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Lewes FC: Football to drive social change Calendar

29 Jul 2020


A small market town in East Sussex has a football club boasting big ideas.

Fabulously fan-owned and focused on its community, this is the only club on the planet to treat its women’s and men’s teams equally. Same pay, same budget, same stadium, same everything.

They are based at an iconic ground – boasting modern terraces alongside beach huts, where fans enjoy vegan pies and prosecco on tap.

One of the club’s shirts features in the museum’s Strip! How Football Got Shirty exhibition.

We speak to Karen Dobres, Co-Director at the revolutionary Lewes FC…

How does it feel to celebrate a decade of being a fan-owned club?

It feels good, but like we’ve still got a little way to go.

We still have all the energy, passion and belief of a start-up high on life. But despite having over 1500 owners across 31 countries, we have yet to start a mass ownership ’movement’ and beat Barcelona who are on 150K.

We want to become the most-owned club in the world, so we’re aiming for 151K at least.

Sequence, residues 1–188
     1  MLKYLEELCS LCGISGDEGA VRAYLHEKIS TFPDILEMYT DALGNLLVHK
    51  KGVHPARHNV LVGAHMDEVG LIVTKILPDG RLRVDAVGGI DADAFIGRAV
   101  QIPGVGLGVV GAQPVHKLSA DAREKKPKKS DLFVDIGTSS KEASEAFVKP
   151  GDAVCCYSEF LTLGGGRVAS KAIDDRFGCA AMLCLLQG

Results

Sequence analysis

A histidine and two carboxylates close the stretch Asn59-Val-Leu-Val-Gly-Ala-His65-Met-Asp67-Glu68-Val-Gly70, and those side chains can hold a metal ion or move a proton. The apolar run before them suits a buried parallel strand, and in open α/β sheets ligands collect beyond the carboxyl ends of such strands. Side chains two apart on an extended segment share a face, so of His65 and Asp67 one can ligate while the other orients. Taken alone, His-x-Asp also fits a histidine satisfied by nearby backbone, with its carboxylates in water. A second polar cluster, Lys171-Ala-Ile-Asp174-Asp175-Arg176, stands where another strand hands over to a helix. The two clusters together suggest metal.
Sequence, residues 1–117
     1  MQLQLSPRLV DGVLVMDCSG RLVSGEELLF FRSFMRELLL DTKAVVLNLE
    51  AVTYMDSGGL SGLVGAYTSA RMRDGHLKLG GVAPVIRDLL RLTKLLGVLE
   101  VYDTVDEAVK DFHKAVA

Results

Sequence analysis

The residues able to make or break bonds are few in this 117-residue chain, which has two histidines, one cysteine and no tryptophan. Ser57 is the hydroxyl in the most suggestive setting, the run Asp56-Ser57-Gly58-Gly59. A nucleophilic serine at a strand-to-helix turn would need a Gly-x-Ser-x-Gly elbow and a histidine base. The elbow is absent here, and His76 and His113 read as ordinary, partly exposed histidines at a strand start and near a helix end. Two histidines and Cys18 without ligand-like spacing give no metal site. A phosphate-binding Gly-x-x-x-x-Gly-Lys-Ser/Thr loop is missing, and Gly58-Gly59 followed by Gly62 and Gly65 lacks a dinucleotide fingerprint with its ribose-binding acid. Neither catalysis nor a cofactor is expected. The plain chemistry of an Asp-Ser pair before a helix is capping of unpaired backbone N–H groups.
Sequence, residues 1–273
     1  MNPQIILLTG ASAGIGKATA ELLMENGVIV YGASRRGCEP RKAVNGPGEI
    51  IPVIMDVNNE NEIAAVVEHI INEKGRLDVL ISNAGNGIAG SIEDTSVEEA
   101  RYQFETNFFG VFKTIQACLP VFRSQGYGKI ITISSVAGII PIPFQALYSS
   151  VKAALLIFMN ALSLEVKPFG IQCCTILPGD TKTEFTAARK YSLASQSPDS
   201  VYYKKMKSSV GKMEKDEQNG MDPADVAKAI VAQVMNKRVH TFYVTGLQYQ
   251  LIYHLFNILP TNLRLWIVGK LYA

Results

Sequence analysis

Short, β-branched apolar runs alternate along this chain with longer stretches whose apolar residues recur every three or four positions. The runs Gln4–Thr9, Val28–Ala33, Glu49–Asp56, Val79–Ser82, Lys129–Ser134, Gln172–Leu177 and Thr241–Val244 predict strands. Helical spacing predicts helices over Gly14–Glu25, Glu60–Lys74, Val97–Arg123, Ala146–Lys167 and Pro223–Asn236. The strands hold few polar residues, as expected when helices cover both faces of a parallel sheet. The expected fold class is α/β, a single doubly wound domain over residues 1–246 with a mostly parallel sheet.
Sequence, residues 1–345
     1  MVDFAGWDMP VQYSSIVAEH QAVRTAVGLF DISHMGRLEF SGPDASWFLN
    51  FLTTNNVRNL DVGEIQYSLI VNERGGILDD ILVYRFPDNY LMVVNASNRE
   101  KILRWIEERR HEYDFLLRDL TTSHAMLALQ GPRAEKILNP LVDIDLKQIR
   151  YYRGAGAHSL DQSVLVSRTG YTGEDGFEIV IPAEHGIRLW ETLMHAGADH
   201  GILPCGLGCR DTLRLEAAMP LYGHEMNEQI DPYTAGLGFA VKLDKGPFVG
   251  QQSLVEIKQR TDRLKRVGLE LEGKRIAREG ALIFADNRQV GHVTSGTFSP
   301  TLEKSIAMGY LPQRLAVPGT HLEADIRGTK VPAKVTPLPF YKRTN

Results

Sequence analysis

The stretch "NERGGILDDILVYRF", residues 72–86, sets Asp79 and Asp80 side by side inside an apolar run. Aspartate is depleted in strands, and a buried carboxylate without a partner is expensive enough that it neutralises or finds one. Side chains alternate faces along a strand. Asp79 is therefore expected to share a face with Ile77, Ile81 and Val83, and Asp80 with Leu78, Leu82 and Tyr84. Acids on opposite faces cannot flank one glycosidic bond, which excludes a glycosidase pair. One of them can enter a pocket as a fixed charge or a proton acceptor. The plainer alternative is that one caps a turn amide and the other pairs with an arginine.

That ambition might sound crazy now, but everyone said Lewes were nuts when we introduced budget parity for our men’s and women’s teams back in July 2017. That turned out to be one of the sanest decisions the club ever made – both morally and economically.

As Herbie Hancock (an American pianist) says, ‘It’s only the people who are crazy enough to think they can change it, who actually change the world’.

What does it mean to have the supporters own and run the club?

Our club is 100% community-owned and we wouldn’t have it any other way.

It means an awful lot of soul-searching, heart-warming and awkward conversations, and learning how to be polite and respectful.

And ‘we’ – the football club – are the ‘we’ you see right there in the middle of the name ‘LeWEs’!

We all own The Dripping Pan – it’s our home, our fortress, our pride and joy. From the old flint walls, to the rolling downs overlooking us, to the vegan pies and the prosecco on tap, we love the Pan and all have a stake in it.

Each owner pays £40 a year (or more if they can) to have one share, one vote (for directors who are elected from among the ownership) and various benefits.

Community-ownership sets our agenda as a Board of Directors. We are not trying to squeeze profits above all else for shareholders, we are trying to create value for the community which owns us – after all, we are beholden to them.

Therefore, the club uses football as a vehicle for social change.

We all know the beautiful game has an incredible influence over hearts and minds globally.  There are some 3.5 billion football fans around the world – so it would be a shame not to use this influence for the greater good.